The Magna Carta for Filipino Seafarers

Monday, October 15, 2018, 11:55 a.m.
By Atty. Dennis Gorecho


Stakeholders has been campaigning for the passage of the Magna Carta for Filipino seafarers given the fact that the Philippines is considered as one of the major suppliers of maritime labor globally.

The first version of the Magna Carta for Filipino Seafarers was the by-product of the National Seafarers Conference in 2002 held at the Manila Hotel organized by the Apostleship of the Seas (AoS) in coordination with the Office of Senator Ramon Magsaysay, Jr.

Years later, several versions were filed by legislators that considered legal developments both locally and internationally. This includes the  Maritime Labour Convention of 2006  (MLC2006) that sets out seafarers’ rights to decent conditions of work.  and embodies all up-to-date standards of existing international maritime labor Conventions and Recommendations. MLC 2006 is also called Seafarers’ Bill of Rights and the fourth pillar of international maritime law.

 In the Senate, there are pending   bills  on Magna Carta of Filipino Seafarers proposed by Senator Sonny Angara (S.B.No.314) , Senator Loren Legarda (S.B.N0.244) and Senator J,V, Ejercito (S.B.No,904)  which aim to institute mechanisms to protect our country’s seafarers’ rights, provide them compulsory benefits, and enforce standards set by international laws.

On the other hand,  Senate Bill No. 429 by Senator Legarda and Senate Bill No. 881 by Senator Grace Poe seek the creation of a centralized agency directly involved in promoting assistance to all seafarers.

On July 2017, the Lower House has passed on third and final reading with  236-0 votes House Bill No. 5685 or the Magna Carta for Filipino seafarers, which essentially consolidated the different bills filed by  Representatives  Emmeline Aglipay-Villar, Jesulito Manalo, Bellaflor Angara-Castillo, Karlo Alexei Nograles,  Jericho Jonas Nograles, Tomasito Villarin; and  Democrito Mendoza.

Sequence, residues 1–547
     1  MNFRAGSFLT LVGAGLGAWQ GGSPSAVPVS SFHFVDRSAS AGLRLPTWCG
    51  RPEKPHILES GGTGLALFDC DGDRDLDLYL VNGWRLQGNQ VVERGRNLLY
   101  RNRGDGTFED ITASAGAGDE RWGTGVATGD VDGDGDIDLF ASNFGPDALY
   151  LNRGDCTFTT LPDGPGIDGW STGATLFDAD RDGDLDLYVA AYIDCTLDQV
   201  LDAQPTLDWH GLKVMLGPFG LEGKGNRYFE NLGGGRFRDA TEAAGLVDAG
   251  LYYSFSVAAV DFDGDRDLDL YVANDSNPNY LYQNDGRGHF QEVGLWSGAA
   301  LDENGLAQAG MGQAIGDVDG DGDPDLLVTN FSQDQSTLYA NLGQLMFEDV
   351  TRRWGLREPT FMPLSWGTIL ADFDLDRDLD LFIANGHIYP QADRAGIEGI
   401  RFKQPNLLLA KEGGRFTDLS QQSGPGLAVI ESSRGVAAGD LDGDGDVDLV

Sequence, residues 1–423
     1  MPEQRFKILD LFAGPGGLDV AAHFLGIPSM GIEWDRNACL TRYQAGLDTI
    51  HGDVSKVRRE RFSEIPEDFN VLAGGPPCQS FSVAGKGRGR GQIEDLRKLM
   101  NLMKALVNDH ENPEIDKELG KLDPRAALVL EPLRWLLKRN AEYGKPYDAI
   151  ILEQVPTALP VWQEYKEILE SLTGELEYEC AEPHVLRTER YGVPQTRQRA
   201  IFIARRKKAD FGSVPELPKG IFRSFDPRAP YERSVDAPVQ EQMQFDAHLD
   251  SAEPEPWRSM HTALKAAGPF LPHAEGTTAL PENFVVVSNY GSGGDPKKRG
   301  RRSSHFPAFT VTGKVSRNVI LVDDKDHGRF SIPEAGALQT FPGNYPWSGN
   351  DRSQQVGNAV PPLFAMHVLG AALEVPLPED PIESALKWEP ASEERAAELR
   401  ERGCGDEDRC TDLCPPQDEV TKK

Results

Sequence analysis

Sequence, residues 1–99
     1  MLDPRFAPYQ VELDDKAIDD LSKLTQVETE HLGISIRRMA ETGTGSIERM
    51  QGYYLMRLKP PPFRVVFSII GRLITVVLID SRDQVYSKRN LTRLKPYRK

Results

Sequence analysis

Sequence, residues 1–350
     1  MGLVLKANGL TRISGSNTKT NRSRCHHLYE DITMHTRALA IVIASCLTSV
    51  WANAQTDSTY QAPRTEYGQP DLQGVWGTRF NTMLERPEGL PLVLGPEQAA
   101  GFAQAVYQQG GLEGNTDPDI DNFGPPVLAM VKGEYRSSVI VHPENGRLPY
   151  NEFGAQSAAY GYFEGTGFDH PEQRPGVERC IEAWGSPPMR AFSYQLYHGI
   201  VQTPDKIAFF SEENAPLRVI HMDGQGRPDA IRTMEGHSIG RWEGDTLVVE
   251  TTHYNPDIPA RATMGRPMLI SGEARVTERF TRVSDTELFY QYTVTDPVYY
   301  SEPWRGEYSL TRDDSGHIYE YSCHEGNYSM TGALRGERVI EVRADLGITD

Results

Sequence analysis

The proponents acknowledge that seafarers deal with circumstances very different from mainstream or land-based Overseas Filipino Workers (OFWs) and other sectors within the labor force. However, existing labor laws and social legislation, particularly the Overseas Filipinos and Migrant Workers’ Act of 1996 (RA 8042) do not adequately address the needs of seafarers.

This maritime Magna Carta, which in essence simply enshrines MLC2006  into Philippine law, states that seafarers have the right to safe and secure workplace that complies with safety standards; decent working and living conditions on board a ship; medical care, welfare measures and other forms of health and social protection; and fair terms and conditions of employment including salary commensurate to their rank, minimum number of working hours, and rest periods consistent with Philippine or international maritime conventions.

The bill also provides for seafarers’ rights to engage in collective bargaining; access to educational advancement and training at reasonable and affordable costs; relevant information, including the terms and conditions of employment and company policies affecting seafarers. It protects them against discrimination based on race, sex, religion and political opinion and provides for free legal representation for victims of violations who cannot afford legal representation

The original Magna Carta is one of the most famous documents in the world.  It is short for   Magna Carta Libertatum, the Medieval Latin for “the Great Charter of the Liberties.”

Originally issued by King John of England as a practical solution to the political crisis he faced in 1215, Magna Carta established for the first time the principle that everybody, including the king, was subject to the law. It dealt with specific grievances relating to his rule.

Some of Magna Carta’s core principles are echoed in the United States Bill of Rights (1791) and in many other constitutional documents around the world, as well as in the Universal Declaration of Human Rights (1948) and the European Convention on Human Rights (1950).

Lord Alfred Thompson Denning, a famous English lawyer and judge, described  it as “the greatest constitutional document of all times – the foundation of the freedom of the individual against the arbitrary authority of the despot.”

If passed into law, the Magna Carta for Filipino seafarers will be applied to those engaged, employed or working on board Philippines-registered ships operating domestically or internationally, as well as those on board foreign-registered ships.

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